Answer to Question #3459 in Linear Algebra for Mike
Prove that β is a basis for Fn if and only if det(B)≠0.
For one direction of the proof this is something that I found :
Since β consists of n vectors, β is a basis if and only if these vectors are linearly independent, which is equivalent to the map LB being one-to-one. Since the matrix B is square, this is in turn equivalent to B being invertible, hence having a nonzero determinant.
However I do not understand the transition from the vectors being linearly independent to being one to one. Why is this true? Is there a better way to prove this? Also, how do I prove the reverse direction?
We have that β=(u1,u2,…,un) is a basis for Fn. Let’s prove that det(B) ≠ 0.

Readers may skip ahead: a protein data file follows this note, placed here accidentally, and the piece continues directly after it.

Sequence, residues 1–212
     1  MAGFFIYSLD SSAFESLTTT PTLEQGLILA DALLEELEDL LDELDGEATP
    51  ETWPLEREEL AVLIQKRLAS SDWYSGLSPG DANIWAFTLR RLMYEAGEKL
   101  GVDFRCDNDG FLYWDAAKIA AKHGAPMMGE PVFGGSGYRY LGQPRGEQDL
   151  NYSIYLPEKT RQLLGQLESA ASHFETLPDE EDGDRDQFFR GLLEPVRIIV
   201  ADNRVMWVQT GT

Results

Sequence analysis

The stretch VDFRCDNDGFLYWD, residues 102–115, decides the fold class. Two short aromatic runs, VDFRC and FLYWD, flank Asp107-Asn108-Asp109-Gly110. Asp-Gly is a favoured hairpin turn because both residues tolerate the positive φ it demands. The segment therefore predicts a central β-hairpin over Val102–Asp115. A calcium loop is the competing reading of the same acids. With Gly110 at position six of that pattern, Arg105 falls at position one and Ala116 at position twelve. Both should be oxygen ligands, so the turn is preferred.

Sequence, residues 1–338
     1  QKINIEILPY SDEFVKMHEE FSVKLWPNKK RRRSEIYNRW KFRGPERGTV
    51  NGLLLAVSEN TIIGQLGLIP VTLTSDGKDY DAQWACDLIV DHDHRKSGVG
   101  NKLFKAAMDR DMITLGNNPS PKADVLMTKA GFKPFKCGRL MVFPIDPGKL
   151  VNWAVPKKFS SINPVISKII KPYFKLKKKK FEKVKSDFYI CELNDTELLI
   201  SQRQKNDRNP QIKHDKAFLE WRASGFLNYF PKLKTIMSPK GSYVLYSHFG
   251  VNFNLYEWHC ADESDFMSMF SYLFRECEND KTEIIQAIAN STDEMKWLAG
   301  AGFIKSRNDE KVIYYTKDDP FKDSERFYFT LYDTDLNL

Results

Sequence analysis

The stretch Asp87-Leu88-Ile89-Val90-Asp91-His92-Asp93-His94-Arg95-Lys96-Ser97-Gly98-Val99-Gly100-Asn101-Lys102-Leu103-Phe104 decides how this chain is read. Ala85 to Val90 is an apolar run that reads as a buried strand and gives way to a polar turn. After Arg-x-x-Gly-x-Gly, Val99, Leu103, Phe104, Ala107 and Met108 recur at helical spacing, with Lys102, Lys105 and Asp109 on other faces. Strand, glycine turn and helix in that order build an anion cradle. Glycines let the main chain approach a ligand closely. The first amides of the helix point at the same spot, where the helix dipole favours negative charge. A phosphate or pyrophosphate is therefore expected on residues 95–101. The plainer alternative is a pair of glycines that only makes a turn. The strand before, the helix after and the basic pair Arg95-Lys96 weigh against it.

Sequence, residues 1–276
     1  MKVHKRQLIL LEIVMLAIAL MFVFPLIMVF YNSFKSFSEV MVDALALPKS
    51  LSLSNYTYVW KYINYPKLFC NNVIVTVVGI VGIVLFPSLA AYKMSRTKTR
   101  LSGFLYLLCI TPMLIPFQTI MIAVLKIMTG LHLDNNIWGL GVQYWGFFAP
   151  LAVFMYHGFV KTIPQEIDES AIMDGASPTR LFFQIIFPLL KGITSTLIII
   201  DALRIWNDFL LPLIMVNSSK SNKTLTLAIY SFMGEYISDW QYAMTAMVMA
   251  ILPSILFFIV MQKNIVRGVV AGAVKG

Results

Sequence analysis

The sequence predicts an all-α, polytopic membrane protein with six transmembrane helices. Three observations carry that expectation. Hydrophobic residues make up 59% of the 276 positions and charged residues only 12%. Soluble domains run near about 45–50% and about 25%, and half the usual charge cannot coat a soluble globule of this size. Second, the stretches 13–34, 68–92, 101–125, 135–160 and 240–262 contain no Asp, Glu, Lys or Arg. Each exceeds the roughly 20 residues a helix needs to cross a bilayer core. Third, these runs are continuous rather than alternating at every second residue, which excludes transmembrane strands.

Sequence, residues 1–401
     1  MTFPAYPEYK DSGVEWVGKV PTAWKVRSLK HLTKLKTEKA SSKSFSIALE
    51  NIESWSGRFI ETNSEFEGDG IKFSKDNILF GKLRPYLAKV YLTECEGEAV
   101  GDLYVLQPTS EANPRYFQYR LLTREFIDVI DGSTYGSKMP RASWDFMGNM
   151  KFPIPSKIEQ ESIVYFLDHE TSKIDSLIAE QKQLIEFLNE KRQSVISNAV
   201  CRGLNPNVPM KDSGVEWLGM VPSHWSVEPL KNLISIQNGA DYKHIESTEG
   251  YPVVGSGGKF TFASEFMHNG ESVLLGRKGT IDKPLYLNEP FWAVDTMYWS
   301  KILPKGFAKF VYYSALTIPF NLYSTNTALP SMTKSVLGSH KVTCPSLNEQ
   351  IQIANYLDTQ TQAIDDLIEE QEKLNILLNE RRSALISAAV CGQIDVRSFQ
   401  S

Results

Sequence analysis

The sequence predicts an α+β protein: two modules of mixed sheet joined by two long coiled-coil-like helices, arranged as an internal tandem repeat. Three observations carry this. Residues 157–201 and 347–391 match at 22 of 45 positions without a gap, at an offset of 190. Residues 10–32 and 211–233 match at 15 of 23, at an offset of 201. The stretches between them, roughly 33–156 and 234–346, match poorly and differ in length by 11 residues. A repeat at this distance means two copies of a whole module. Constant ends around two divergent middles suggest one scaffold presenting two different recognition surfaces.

Suppose we have an equation:
c1 u1+c2 u2+...+cn un=0 where c1,c2,...,cn - unknown variables.
It represents a system of n equations for each component. The matrix of this system is matrix B. We know that ci=0 i = (1,n) is a solution of the system. But as β must be a basis than the system must have no other solutions except c_i=0 i=(1,n).
So det(B) ≠ 0 (as a result of Cramer’s rule).
We have that det(B)≠0. Let’s prove that β=(u1,u2,…,un) is a basis for Fn.
Suppose that u1,u2,…,un are linearly dependent. Than the equation c1 u1+c2 u2+...+cn un = 0 has non-zero solution.
Let c1 ≠ 0. So
u1= - c2/c1 u2 -…- cn/c1 un. When we calculate det(B), we calculate it as a sum of determinants:
because each of the determinants = 0 (each has 2 equal columns).
But det(B) must be non-zero. So our assumption was wrong and u1,u2,…,un are linearly independent.
As we have n linearly independent vectors in Fn, β is a basis of Fn.
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